By the way, in many Western countries this was done. In Austria, for example, the number of places at the Master's programme is the same as at the Bachelor's programme. And almost all students, with few exceptions, study for two more years after finishing the fourth year. In other words, they are educated according to a mould very similar to Soviet standards.
- Vladimir Putin initiated a reform of the higher education system in spring. The Mining University became a participant of the pilot project to improve it and has already introduced many innovations into its curricula. Which of them would you emphasise?
Vladimir Litvinenko: I would like to say right away that we are not striving for a return to the Soviet model of higher education, which is impossible in principle, as we have been living in a completely different state for a long time. Our task is to find an optimal balance between fundamental and specialised knowledge, as well as practical skills and additional competences that modern graduates should possess. In other words, to create an exemplary model that would not only provide young people with academic knowledge, but also, from the very first days of their studies, orient them towards building a career in the industry, which is in dire need of an influx of a new wave of qualified specialists.
We highly appreciate the trust that our President has placed in us by including St. Petersburg Mining University among the participants of the pilot project, and we are confident that we will justify it by becoming an example for other Russian universities. Our ideas and solutions have already been partially implemented and, judging by the feedback from parents, employers and students themselves, clearly indicate that we are on the right track.
I have already spoken above about the one-size-fits-all "core of higher education". As for the duration of studies, it has been increased to 5.5 or 6 years. This time will be enough for young people to master all the necessary disciplines in their speciality, as well as to receive a choice of at least eight of 260 additional professional competences in IT, economics, management, rhetoric, and so on. Up to 200 hours are allocated for mastering these compulsory electives. The timeframe for gaining industrial skills and experience will also increase to 10 months. All these curricular transformations are aimed at increasing the value of graduates on the labour market and helping them to adapt as quickly as possible to the workplace after graduating from their alma mater.
- Despite its age, what allows the Mining University to remain a flagship of Russian and international mining education? What innovative ideas and teaching technologies help you to do this? Perhaps the introduction of online courses?
Vladimir Litvinenko: Distance learning can only be an auxiliary tool, for example, when it comes to joint short-term educational programmes with foreign partners. It is sometimes useful to show your vision of a particular problem, to listen to the point of view of your colleagues from abroad, and at the same time to avoid unnecessary expenses for flights and hotel accommodation. But online learning deprives us of the main thing - it does not give us the opportunity to feel a part of the scientific and educational environment. And personal, eye contact between teachers and students is an integral part of it. It motivates and inspires young people, and no digital technology can replace it.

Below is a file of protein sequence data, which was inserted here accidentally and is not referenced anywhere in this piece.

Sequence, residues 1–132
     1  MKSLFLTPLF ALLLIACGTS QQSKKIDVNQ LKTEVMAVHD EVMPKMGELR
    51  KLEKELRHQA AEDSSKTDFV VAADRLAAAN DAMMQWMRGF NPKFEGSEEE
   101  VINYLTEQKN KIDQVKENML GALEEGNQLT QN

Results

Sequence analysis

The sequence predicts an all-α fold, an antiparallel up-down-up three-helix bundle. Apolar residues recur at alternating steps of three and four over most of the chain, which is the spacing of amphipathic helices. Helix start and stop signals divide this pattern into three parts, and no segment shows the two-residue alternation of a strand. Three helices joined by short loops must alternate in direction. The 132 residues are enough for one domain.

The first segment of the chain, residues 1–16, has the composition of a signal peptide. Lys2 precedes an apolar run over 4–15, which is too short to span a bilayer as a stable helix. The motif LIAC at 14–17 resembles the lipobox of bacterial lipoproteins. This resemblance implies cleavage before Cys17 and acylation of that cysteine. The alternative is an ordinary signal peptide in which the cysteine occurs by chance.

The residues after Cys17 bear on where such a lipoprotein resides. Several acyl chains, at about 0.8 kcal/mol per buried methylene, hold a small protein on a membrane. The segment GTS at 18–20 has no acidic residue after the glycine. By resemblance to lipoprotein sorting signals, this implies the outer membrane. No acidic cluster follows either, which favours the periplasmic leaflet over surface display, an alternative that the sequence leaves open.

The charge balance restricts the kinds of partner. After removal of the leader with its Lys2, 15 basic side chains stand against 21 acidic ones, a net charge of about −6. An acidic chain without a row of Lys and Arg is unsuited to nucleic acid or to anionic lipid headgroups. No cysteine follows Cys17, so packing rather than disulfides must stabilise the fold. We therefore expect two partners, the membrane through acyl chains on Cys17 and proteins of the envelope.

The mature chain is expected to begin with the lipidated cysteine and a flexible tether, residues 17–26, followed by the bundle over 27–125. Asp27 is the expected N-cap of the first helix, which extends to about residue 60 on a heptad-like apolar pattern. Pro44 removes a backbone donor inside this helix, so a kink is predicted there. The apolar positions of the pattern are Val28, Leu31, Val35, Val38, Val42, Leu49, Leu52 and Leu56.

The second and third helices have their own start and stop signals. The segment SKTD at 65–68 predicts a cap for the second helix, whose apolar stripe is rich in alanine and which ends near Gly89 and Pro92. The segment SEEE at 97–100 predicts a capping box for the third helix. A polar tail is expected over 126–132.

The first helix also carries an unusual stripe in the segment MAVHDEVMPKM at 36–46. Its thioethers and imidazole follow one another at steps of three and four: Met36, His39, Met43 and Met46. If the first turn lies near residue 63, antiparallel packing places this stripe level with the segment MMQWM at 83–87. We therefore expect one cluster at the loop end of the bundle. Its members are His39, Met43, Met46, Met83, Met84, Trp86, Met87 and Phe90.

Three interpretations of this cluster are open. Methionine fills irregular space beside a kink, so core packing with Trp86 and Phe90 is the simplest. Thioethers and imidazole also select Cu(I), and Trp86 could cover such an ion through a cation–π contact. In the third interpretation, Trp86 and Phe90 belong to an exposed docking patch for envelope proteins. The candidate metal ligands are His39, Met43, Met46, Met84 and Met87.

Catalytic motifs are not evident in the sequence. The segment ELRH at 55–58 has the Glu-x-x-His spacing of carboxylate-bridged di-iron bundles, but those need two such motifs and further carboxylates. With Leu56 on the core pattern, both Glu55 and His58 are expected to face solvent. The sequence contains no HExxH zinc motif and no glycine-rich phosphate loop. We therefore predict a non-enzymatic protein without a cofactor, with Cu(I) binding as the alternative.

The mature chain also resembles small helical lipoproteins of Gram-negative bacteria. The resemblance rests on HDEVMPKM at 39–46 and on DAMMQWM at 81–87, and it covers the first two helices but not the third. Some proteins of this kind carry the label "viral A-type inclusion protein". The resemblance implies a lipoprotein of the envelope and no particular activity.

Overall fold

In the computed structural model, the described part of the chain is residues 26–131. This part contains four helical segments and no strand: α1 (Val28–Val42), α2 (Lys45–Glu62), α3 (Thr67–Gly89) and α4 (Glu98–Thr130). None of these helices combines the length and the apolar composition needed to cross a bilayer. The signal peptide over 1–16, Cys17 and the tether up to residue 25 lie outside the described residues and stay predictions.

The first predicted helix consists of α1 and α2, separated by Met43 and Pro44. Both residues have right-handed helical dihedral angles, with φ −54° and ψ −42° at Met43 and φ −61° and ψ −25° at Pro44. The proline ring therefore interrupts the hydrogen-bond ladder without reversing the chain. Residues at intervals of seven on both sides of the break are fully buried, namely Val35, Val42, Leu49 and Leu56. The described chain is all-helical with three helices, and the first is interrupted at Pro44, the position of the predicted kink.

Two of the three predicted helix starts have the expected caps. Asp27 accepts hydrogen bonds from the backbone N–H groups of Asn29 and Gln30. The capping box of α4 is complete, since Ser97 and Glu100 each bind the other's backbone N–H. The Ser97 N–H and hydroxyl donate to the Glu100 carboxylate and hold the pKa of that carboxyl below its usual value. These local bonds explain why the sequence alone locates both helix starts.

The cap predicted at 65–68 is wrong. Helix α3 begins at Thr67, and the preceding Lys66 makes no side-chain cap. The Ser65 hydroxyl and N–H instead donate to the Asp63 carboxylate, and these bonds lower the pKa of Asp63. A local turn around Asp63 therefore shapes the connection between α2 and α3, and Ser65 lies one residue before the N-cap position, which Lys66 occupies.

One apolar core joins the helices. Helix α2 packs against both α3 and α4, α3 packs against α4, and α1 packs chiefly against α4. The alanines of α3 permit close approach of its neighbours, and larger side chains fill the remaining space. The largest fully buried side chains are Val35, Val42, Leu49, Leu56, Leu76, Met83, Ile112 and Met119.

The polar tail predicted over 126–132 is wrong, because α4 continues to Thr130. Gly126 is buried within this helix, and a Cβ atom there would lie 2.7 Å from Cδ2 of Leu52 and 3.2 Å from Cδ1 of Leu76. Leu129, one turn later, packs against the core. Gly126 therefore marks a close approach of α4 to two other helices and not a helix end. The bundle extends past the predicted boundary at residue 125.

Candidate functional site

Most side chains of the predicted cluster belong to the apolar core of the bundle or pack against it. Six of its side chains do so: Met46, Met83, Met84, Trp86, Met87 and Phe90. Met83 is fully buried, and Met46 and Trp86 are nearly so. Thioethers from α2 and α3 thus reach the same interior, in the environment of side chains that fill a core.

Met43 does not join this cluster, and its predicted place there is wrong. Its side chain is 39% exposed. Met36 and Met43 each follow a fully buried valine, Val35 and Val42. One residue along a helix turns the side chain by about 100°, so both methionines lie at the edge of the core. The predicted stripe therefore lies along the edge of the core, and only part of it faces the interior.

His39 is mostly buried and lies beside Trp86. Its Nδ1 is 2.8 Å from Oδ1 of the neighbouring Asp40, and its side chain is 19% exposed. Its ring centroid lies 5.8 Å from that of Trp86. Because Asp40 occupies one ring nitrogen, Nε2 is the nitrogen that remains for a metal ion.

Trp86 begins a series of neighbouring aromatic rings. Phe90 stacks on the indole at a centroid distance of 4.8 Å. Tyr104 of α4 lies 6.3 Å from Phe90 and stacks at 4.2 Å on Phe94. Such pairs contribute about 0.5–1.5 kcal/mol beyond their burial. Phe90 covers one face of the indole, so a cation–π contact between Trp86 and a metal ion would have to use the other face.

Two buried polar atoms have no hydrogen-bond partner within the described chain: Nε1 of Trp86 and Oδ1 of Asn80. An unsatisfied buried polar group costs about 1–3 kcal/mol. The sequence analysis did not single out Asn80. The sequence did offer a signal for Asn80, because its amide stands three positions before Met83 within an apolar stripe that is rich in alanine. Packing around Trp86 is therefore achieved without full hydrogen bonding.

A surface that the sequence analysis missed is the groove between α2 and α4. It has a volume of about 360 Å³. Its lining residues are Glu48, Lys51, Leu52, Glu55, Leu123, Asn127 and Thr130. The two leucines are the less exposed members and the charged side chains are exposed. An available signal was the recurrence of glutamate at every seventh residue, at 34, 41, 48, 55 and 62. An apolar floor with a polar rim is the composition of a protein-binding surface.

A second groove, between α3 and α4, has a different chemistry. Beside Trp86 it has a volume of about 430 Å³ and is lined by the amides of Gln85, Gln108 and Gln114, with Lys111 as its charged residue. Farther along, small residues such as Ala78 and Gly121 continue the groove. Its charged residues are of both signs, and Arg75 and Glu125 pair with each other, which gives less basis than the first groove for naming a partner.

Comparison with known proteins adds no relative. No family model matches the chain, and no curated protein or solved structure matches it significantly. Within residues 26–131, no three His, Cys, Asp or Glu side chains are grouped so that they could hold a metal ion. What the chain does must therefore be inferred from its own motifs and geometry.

But, of course, we use the opportunities that scientific and technological progress opens up for us. We are actively introducing into the educational process software used by current specialists of specialised companies, as well as simulators. They allow us to simulate both regular and emergency situations at enterprises or fields, and contribute to the fact that children already at the initial courses have an idea of their future speciality. This also helps them during further work practices, as they are less likely to get lost and adapt to their new environment much faster. It is clear that virtual or augmented reality cannot reproduce it 100 per cent, but it certainly allows them to acquire certain skills.
Carefully selected teaching staff, investments in infrastructure modernisation, construction of new modern academic buildings, dormitories, congress halls, sports halls have allowed us to create an environment in which students feel comfortable. And this is undoubtedly one of the components of our success. Equally important are historical traditions, the very continuity of generations that I spoke about in relation to industry. We remember who our predecessors were, how many fields they discovered, how many enterprises they designed and built, how many scientific discoveries they made.
That is, on the one hand, we have someone to look up to, and on the other hand, we are well aware of the direction in which we need to move. The mission of St. Petersburg Mining University, to which Vladimir Putin returned the name of Empress Catherine II in May this year, is to contribute to the prosperity of our country in partnership with the entire academic community of Russia. By increasing the efficiency of natural resource extraction and processing, we will make it an abundant, powerful, self-sufficient power that inspires respect from its neighbours, as our foundress willed.